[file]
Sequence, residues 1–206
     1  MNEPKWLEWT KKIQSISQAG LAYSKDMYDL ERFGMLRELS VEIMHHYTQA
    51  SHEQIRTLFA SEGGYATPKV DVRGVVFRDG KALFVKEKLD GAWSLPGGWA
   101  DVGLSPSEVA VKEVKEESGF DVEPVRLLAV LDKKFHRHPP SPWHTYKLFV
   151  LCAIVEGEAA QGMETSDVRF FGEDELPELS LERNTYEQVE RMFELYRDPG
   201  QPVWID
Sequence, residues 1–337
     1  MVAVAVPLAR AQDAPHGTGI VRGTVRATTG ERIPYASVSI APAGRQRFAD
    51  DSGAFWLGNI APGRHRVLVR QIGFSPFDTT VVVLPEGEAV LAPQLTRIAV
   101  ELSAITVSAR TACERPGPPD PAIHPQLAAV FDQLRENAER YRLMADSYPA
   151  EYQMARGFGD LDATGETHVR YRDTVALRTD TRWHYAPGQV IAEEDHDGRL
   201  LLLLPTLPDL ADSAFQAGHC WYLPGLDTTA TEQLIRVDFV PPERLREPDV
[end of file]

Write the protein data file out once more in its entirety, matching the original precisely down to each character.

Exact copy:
Sequence, residues 1–206
     1  MNEPKWLEWT KKIQSISQAG LAYSKDMYDL ERFGMLRELS VEIMHHYTQA
    51  SHEQIRTLFA SEGGYATPKV DVRGVVFRDG KALFVKEKLD GAWSLPGGWA
   101  DVGLSPSEVA VKEVKEESGF DVEPVRLLAV LDKKFHRHPP SPWHTYKLFV
   151  LCAIVEGEAA QGMETSDVRF FGEDELPELS LERNTYEQVE RMFELYRDPG
   201  QPVWID
Sequence, residues 1–337
     1  MVAVAVPLAR AQDAPHGTGI VRGTVRATTG ERIPYASVSI APAGRQRFAD
    51  DSGAFWLGNI APGRHRVLVR QIGFSPFDTT VVVLPEGEAV LAPQLTRIAV
   101  ELSAITVSAR TACERPGPPD PAIHPQLAAV FDQLRENAER YRLMADSYPA
   151  EYQMARGFGD LDATGETHVR YRDTVALRTD TRWHYAPGQV IAEEDHDGRL
   201  LLLLPTLPDL ADSAFQAGHC WYLPGLDTTA TEQLIRVDFV PPERLREPDV